This past summer the City Commission responded favorably to a recurring question about Eighth Street: Can it function with three lanes instead of four? Now the test begins: It’s been re-striped and we are in the first month of a year-long test before reconstruction in or before 2018.
Reallocating street space like this is popular in communities across the United States. It is a corrective measure that addresses a practice of applying highway design to urban streets without adequate consideration for issues related to safety, access, the environment, and economic development.
Just this month, U.S. Transportation Secretary Anthony Foxx announced a campaign that highlights road conversions as a primary means to increase safety for all users of the public rights of way. The nation’s DOT is doing this because the facts are clear: taking a road from four to three-lanes reduces traffic crashes 29%-47%, with the greatest increase in safety happening in smaller towns.
Meanwhile, this reduction in crashes is associated with improved traffic flow because conflict points are reduced and turning vehicles no longer take up a travel lane waiting to turn. The result here is that Eighth St. will be a more inviting place to drive and visit.
The safety return is a key ingredient to the other benefits a road conversion can deliver. As the street becomes safer, people on foot and bikes have better access to shops and other activities. This translates into improved access to Eighth St. businesses, reduced automobile dependence, and greater economic return. Instead of driving further afield, residents will walk to the bakery or pizza joint just around the corner.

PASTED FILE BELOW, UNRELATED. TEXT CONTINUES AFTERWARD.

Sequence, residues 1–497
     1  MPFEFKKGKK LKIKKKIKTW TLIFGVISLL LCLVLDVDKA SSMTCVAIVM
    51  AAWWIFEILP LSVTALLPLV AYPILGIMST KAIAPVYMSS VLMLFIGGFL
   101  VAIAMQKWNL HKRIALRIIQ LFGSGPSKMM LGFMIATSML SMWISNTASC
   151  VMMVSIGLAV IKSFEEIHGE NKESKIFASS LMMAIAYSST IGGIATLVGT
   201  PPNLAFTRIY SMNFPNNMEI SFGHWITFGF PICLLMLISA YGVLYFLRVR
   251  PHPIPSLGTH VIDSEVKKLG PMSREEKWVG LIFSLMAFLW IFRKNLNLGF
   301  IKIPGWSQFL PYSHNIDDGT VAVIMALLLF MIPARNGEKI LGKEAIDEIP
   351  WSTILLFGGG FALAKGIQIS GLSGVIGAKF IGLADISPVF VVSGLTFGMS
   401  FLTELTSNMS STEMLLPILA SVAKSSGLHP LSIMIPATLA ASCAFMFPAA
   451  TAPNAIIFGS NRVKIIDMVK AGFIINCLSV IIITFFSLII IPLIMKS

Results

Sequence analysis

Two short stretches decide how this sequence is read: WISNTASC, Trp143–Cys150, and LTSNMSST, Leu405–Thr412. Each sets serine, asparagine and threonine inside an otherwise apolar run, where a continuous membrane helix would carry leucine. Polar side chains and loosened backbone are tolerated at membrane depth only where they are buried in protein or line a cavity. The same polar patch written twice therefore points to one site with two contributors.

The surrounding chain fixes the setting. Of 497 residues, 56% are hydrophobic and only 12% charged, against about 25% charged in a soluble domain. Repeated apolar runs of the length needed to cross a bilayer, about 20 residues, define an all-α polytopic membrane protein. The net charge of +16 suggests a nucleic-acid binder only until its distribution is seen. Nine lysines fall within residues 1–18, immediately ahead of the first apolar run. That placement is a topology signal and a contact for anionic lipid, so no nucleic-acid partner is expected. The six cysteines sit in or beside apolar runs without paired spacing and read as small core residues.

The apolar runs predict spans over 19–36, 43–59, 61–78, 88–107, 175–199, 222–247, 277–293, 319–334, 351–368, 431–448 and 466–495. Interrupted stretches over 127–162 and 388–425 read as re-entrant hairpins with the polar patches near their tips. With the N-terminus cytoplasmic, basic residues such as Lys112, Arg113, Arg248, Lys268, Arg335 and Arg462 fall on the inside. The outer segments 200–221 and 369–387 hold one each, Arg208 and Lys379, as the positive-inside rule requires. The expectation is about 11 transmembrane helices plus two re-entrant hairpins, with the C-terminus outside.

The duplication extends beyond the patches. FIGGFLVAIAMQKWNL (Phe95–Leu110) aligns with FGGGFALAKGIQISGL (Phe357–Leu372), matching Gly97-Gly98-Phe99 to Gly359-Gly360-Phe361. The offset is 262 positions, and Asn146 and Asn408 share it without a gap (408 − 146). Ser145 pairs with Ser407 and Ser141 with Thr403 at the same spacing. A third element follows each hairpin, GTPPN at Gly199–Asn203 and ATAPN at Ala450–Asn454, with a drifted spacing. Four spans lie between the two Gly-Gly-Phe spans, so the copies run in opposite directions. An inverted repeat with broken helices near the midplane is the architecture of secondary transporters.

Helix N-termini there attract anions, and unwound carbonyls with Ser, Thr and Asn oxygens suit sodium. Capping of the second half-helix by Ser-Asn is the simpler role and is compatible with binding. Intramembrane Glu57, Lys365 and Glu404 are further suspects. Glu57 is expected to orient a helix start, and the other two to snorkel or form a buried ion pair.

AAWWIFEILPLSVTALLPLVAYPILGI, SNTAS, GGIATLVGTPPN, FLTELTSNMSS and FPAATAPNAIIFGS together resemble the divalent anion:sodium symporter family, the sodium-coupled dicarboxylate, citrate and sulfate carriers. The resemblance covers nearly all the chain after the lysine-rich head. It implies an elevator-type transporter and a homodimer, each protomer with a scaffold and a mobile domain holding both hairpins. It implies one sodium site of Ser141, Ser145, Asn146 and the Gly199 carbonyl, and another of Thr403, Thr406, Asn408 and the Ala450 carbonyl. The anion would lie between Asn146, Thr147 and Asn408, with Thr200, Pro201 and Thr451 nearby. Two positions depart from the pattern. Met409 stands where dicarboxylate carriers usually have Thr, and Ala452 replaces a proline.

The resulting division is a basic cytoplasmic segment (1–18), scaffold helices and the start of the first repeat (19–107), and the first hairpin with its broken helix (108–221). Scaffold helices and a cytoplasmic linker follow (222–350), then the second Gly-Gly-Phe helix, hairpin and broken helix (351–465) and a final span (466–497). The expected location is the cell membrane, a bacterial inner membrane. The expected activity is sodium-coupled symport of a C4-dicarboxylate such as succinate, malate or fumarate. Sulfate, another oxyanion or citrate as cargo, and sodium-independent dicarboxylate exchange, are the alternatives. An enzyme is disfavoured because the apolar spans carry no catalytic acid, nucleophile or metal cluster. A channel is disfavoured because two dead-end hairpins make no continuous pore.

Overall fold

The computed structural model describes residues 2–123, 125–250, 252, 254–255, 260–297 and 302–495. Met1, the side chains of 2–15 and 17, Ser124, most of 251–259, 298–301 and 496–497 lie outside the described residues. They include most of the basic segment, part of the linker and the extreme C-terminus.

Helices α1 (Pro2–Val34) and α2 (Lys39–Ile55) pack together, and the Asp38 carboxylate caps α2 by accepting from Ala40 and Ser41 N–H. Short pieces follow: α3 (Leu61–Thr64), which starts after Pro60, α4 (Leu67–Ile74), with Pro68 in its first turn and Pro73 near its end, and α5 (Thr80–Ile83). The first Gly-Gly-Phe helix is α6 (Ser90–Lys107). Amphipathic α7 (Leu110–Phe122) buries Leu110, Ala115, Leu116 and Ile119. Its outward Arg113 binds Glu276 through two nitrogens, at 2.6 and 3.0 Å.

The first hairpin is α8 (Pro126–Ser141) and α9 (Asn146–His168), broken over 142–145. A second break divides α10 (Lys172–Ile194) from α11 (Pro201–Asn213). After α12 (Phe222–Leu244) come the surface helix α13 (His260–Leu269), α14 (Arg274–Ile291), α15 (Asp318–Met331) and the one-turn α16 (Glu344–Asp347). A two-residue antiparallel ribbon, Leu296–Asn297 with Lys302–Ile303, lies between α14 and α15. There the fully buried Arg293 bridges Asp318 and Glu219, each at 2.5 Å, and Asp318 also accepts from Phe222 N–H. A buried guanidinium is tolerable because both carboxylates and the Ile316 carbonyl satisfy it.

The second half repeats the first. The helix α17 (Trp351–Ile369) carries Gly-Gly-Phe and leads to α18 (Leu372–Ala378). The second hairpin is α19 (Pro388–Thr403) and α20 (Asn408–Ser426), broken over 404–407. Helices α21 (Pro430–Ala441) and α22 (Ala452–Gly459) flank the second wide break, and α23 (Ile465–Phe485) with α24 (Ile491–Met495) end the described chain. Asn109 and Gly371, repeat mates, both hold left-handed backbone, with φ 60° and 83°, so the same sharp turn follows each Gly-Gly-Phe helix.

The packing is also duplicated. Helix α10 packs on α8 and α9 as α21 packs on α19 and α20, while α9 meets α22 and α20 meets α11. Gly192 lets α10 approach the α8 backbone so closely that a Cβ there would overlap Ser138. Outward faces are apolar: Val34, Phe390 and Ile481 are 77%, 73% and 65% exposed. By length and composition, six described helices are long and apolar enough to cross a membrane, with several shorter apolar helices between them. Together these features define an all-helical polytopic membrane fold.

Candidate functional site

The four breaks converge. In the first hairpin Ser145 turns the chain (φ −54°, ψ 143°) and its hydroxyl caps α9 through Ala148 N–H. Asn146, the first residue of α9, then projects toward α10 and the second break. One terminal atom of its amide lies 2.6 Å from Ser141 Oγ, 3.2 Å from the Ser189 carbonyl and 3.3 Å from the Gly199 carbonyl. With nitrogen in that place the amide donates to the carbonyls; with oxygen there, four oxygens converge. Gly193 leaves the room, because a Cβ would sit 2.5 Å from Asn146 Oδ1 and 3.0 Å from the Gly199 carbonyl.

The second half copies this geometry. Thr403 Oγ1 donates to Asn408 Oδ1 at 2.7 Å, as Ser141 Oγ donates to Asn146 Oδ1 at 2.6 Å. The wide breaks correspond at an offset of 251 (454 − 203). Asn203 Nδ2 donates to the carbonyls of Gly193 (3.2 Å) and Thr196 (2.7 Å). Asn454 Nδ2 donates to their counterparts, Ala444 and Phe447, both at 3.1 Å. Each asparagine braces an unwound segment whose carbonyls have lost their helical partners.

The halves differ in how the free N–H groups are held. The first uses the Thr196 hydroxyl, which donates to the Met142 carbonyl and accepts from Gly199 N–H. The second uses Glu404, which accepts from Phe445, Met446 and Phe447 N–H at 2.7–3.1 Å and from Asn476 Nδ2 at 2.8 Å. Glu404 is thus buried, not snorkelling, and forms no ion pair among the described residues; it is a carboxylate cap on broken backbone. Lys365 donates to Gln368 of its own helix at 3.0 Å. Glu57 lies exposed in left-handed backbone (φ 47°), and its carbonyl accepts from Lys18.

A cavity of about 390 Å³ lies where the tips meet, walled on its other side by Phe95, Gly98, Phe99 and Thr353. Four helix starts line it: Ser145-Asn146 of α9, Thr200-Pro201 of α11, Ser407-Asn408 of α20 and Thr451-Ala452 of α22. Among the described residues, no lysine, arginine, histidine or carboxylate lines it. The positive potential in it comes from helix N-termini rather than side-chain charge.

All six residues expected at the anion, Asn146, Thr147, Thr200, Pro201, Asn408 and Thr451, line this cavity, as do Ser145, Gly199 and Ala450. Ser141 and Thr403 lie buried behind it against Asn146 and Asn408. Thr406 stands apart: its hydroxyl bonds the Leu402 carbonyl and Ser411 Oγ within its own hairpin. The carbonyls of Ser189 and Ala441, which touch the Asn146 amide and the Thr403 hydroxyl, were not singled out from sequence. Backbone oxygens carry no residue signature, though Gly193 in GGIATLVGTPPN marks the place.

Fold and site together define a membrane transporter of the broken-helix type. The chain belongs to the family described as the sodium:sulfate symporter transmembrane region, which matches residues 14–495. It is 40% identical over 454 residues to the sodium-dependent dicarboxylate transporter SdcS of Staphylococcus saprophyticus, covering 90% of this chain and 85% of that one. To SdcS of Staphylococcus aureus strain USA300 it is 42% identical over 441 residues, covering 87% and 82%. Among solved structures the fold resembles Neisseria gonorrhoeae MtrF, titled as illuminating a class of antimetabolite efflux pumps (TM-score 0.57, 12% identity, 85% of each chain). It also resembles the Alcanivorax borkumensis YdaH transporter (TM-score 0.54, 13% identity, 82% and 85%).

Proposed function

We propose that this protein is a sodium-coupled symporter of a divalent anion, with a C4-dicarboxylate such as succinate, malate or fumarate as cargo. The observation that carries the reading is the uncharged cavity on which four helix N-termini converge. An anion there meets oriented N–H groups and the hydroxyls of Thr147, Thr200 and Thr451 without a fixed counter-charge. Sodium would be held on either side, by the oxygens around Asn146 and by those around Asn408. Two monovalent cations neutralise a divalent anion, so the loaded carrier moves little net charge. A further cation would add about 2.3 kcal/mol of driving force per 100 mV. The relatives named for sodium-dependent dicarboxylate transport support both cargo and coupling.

For Eighth St., perhaps the single most important role of local government is the design of public space. It shapes land use, which shapes economic and social development. In the City, roads and streets make up around 70-80% of what we call public space. Streets with a single focus of moving cars stress city budgets and they simply don’t have the return on investment needed to maintain and manage them. Streets that calm traffic while increasing access, have a value added return in profits, long-term savings, and equal or improved flow through the corridor.
On going discussion is now being tested
Access and livability are the bedrock of growth and opportunity. If we are going to invest a million dollars or more into Eighth St., it’s imperative that we prioritize accessibility, efficient land use, and economic development. By reallocating valuable space in this 1300 linear feet of Eighth St. we are taking a step towards a better block. This more inclusive Eighth St. will improve connections to neighbors and businesses with the end goal being to transform this street from a road primarily moving cars into a destination street that values people and place.
The community is invited to celebrate and learn more about this project at a Better Block Party on Friday, September 26th from 5:30 – 7:30 along Eighth St. at the Governmental Center.